Despite a recent article on The Root (and aggregated here on NewsOne) suggesting that recent reports of very high levels of herpes infection among Black women were inaccurate, the Centers for Disease Control (CDC) stands behind its findings.
According to data gathered by the National Health and Nutrition Survey, 48% of African-American women are infected with genital herpes.
“The CDC stands firmly behind the data,” said Scott Bryan, a spokesman for the organization. The report, which can be accessed here, discussed the current infection rates for women of several different races, including Black women. “We feel that it’s an accurate estimate of the prevalence of genital herpes among multiple populations,” Bryan said.
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To collect the data, women were tested for the presence of HSV-2 antibodies. While in the original article on The Root, an Emory assistant professor specializing in STDs stated that having the antibodies only indicates exposure to the virus and not infection, Bryan explains on behalf of the CDC:
“The fact of the matter is, if you test positive for the HSV-2 antibody, you are infected with the HSV-2 virus. You could be infected and have no symptoms, or have very minor symptoms,” but the infection is present.
Frequently, women who experience only mild symptoms mistake them for less serious problems such as yeast infections. Since so many infected people may be asymptomatic or may not recognize their symptoms as herpes-related and go get tested, close to 80% of people infected with HSV-2 don’t know they have it.
That unawareness can lead to even more high-risk situations, since people unaware they have herpes can unwittingly transmit it to sexual partners even if they have no symptoms.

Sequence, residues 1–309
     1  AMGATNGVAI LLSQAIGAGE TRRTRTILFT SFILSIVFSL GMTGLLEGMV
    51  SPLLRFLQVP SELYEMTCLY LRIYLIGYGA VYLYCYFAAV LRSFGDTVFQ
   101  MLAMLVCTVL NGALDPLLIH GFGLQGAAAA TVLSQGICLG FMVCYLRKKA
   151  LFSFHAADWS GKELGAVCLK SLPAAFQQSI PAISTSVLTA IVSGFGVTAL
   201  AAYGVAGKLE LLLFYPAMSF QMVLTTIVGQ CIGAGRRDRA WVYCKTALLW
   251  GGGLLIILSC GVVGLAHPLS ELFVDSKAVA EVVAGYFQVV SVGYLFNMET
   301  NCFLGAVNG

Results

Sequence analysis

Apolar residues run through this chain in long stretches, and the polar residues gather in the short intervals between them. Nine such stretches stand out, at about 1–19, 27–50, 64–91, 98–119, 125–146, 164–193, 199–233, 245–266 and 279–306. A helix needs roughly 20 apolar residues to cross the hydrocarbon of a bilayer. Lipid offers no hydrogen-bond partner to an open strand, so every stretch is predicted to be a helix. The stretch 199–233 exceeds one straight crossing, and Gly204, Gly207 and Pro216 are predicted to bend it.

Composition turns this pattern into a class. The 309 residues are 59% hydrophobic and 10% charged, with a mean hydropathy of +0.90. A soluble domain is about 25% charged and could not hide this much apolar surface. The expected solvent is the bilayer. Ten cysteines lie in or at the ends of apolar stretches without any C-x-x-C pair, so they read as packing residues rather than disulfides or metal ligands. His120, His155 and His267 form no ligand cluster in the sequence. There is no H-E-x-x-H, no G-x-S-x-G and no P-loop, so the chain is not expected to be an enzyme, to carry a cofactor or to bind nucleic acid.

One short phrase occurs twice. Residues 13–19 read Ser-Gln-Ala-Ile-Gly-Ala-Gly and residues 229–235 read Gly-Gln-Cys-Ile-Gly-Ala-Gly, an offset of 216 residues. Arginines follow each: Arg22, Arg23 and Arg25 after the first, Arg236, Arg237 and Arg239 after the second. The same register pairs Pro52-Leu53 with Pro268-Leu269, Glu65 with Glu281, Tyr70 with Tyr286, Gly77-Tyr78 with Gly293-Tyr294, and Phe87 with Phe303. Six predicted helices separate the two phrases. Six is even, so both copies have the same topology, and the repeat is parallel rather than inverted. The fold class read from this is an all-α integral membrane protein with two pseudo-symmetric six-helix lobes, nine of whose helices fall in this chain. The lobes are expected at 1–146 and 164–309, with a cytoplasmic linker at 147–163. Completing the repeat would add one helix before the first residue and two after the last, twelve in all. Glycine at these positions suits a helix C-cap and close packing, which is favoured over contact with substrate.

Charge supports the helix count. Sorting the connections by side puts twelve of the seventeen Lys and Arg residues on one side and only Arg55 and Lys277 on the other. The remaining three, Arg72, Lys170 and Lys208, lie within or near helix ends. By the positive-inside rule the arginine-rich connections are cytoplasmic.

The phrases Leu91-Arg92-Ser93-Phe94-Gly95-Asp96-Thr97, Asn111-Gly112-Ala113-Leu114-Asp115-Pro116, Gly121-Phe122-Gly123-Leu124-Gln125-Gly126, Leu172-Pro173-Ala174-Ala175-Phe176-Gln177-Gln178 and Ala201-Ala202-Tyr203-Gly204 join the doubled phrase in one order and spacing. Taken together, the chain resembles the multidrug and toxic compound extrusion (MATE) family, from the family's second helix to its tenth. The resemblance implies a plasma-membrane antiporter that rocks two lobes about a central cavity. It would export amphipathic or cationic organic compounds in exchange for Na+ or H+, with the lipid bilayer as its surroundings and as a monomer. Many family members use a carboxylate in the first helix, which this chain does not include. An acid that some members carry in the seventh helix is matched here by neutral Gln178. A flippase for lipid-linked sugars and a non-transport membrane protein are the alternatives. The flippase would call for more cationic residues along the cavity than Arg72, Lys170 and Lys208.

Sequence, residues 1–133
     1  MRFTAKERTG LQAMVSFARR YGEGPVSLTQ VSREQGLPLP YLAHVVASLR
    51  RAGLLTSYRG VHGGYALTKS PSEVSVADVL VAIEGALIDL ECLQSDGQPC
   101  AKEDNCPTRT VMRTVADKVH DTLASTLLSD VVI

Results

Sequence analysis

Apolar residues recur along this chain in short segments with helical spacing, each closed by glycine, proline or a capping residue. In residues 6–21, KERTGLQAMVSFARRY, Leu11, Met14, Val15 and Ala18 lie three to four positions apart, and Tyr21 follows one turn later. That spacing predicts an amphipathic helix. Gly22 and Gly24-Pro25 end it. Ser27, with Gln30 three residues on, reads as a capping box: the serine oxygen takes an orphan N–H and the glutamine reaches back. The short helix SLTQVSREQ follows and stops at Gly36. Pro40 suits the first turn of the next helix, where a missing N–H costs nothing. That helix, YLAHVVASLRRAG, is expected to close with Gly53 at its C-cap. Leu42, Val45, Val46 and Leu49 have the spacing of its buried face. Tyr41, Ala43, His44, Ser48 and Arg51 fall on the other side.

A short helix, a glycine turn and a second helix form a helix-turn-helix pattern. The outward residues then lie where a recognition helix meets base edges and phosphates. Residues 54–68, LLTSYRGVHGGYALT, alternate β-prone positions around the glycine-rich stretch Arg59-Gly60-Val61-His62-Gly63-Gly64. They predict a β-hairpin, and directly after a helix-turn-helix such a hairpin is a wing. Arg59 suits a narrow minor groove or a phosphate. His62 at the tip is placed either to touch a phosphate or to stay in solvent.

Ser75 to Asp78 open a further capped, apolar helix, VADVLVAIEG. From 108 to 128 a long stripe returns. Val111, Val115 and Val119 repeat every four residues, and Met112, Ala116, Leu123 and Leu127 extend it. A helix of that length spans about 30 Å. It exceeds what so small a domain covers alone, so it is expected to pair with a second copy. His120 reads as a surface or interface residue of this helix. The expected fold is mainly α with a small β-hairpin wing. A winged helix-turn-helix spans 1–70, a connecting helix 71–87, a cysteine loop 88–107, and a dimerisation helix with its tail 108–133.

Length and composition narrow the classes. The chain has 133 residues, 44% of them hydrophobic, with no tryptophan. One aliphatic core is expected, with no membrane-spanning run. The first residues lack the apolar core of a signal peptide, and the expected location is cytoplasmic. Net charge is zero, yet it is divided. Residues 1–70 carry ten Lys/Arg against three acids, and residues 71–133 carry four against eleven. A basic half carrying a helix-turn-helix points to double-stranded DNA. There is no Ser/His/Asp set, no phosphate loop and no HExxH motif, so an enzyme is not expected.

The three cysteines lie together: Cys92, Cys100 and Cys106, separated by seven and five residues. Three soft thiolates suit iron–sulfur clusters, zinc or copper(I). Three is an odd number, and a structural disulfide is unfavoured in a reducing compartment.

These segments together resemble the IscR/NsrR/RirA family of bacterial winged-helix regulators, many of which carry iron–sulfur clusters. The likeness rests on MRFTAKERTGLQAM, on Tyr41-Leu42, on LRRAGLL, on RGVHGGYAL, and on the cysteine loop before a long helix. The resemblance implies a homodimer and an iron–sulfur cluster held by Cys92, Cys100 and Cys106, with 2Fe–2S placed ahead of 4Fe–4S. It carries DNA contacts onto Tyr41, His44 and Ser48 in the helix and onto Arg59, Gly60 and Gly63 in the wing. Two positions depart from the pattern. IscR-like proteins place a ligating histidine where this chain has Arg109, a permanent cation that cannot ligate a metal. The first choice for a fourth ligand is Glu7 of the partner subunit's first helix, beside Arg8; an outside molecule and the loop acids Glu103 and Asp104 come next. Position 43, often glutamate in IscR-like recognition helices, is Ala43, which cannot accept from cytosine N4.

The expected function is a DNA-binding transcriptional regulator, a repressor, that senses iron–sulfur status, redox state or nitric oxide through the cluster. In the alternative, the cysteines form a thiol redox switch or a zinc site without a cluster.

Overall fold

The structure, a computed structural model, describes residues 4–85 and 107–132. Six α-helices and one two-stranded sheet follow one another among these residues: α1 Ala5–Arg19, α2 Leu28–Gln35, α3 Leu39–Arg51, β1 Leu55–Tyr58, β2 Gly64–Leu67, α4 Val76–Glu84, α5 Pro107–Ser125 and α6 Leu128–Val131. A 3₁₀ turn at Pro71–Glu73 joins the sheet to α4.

With such a high level of infection in the Black community and the prevalence of unawareness, it’s absolutely crucial that we protect ourselves from the herpes virus by getting tested and always practicing safe sex. Click here to learn more about the herpes virus and how you can protect yourself.
[Read the original story from The Root.com below.]
[3:15 p.m. – 4/20/2010]
From The Root:
The March reports of sky-high levels of the genital herpes virus among black women set off a firestorm of disbelief and recrimination. The numbers from the Centers for Disease Control and Prevention (CDC) gave many black women an all-too-familiar feeling: shock, concern and an overwhelming sense of fatigue in the face of yet another study bringing bad news and fear.
African-American men and women often seem to be under siege when it comes to the ongoing flood of research trumpeting our higher rates of nearly everything, including sexually transmitted diseases (STDs). No doubt, disparities exist, but in this case, it’s reasonable to take a step back from the anger and take a closer look at what the statistics are really telling us.
The new research should not be seen as an indictment of the sexual behavior of African Americans. The numbers–though startling (48 percent of African-American women have been exposed to the virus that causes genital herpes)–are not so much about sex, as they are about circumstances, and, possibly, the way information is gathered for medical research.